Pet and Farm Animal Owners Take the Health of Their Animals Very Seriously

Veterinary laboratory equipment

The purpose of a clinical diagnostics laboratory is to help develop new drugs and treatments. From developing heartworm antigen test kits to other kinds of contract laboratory services, the purpose of a clinical diagnostics laboratory is to make sure that all of the treatments and medicines are ready for use in the real world. And while many people think about medicines and treatments for themselves, the fact of the matter is that the use of a clinical diagnostics laboratory can also be used for the development for farm animals and pets. In fact, an entire industry revolves around finding the best treatments and medications that are distributed by veterinarians.

Both food safety testing for humans and drug testing for both humans and animals actually use some of the same kinds of procedures and equipment. In a time when many Americans are worrying about the news about the seriousness of this year’s flu virus, some of the latest developments indicate that this strain can even pass from humans to their dogs. This is just one example of the many reasons that laboratories across the country continue to develop and test medicines and vaccines that provide essential protection.
Consider some of these facts and figures about heartworm medications and other treatments that help people protect both their farm animals and pets:

  • 2 million people own horses, an animal that is susceptible to many kinds of diseases and illnesses if not properly treated and cared for.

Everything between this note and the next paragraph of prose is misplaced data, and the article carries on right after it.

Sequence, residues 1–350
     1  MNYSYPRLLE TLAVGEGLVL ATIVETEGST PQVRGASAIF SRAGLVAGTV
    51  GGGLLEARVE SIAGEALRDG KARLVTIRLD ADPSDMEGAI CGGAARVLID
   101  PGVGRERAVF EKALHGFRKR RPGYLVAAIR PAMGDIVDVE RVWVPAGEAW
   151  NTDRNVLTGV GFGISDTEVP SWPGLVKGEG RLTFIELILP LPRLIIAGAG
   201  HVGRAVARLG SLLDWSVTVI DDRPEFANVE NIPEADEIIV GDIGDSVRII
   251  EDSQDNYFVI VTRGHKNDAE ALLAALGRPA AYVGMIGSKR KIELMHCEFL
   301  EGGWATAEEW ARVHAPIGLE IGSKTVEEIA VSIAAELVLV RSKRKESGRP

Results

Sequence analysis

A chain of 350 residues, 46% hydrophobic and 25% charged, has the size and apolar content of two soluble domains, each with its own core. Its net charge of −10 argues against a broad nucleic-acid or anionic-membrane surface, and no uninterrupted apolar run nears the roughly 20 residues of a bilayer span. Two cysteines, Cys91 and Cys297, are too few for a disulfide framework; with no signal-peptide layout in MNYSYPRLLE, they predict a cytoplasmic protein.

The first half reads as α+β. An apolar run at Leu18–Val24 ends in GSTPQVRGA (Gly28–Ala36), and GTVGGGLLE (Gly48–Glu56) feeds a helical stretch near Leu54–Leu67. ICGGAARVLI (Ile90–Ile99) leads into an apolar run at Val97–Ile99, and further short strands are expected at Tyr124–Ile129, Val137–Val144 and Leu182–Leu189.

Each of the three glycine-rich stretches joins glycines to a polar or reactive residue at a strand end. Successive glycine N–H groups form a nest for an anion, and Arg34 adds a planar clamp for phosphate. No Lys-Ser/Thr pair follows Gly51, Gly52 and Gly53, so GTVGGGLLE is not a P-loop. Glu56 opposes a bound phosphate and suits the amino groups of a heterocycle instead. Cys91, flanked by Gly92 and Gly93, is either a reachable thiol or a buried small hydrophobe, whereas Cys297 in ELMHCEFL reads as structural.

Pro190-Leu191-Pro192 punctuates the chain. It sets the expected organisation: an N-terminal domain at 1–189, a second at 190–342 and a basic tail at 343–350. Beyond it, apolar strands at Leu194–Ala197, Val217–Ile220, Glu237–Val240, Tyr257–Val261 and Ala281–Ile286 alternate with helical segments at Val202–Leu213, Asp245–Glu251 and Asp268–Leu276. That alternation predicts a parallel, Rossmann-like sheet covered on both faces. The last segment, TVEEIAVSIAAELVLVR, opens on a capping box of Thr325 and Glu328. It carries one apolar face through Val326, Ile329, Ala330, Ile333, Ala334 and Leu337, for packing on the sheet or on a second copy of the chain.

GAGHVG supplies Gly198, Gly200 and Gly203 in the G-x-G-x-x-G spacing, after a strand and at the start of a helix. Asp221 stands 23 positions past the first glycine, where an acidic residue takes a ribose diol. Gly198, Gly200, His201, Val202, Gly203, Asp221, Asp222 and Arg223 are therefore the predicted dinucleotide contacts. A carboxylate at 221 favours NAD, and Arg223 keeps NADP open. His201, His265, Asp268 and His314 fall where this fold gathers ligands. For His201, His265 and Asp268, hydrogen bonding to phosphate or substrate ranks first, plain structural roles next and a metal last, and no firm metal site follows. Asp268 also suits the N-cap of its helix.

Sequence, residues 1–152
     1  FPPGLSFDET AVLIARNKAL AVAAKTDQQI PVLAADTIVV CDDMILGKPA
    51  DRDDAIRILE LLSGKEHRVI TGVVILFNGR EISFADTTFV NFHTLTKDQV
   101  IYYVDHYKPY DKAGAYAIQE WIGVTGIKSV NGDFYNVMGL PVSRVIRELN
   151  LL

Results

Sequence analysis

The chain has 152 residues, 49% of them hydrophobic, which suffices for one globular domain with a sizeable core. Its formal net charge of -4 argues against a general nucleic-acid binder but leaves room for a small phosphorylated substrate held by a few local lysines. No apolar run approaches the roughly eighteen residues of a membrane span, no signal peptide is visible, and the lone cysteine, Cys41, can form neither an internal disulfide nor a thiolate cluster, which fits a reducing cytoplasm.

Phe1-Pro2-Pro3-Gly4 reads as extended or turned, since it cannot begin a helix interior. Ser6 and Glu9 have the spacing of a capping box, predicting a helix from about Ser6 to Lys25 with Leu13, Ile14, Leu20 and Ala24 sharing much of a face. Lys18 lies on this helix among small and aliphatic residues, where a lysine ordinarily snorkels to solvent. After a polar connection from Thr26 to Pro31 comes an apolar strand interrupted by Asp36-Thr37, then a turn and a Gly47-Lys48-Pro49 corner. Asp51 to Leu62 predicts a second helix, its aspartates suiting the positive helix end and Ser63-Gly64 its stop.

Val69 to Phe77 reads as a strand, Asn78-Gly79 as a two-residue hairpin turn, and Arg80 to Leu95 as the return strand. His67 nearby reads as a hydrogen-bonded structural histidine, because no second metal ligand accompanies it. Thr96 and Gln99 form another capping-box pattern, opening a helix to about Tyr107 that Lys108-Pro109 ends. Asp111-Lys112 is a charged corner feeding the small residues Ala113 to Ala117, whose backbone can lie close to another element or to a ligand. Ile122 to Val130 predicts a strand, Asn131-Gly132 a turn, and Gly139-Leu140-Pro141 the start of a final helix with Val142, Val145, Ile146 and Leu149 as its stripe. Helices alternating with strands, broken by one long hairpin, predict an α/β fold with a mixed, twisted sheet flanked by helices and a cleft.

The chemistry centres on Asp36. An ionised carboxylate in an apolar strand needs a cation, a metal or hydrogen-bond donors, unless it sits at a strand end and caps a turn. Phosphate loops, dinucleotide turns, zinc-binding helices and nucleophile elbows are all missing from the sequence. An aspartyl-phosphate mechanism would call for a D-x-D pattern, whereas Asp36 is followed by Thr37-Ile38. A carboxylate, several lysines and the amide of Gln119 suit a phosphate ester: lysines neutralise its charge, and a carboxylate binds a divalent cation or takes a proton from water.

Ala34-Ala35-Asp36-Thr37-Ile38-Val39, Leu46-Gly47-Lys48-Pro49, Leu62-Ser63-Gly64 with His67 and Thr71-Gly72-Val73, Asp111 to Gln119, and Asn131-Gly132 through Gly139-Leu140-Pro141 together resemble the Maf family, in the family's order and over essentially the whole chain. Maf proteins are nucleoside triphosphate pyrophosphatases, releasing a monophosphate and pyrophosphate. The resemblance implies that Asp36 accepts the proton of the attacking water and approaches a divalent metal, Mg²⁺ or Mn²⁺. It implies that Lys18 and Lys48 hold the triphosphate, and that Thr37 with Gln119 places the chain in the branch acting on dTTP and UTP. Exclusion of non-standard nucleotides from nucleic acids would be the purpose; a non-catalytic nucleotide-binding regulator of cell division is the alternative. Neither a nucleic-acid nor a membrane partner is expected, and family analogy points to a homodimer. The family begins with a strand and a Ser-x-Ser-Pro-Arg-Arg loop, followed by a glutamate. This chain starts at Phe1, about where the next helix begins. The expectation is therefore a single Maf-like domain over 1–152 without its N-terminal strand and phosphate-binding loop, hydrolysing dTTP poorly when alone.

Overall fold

• 70 to 80 million dogs are owned in the U.S.
  • 74 to 96 million cats are owned in the U.S.
  • Heartworm treatment can cost as much as $1,000. This amount makes giving an inexpensive monthly preventive a bargain in comparison.
  • 1 million dogs are tested as heartworm positive in the U.S. each year.
  • One of the problems with animal viruses is that they can so easily spread. For instance, just one-fifth of a teaspoon of blood from a chronic case of equine infectious anemia virus (EIAV) during a feverish episode contains enough virus to infect as many as 10,000 horses.
  • When horses are exposed to EIAV, they may develop severe, acute signs of disease and die within as little as two to three weeks.
  • While infected with heartworm, dogs may have 30 or more worms in their heart and lungs. In comparison, cats usually have six or fewer, sometimes only one or two. Although the severity of heartworm disease in dogs is related to the number of worm, in cats, just one or two worms can make a cat very ill.

Veterinary laboratory services and veterinary laboratory supplies help animal owners make sure that their horses, dogs, and cats are properly cared for and that they stay healthy.

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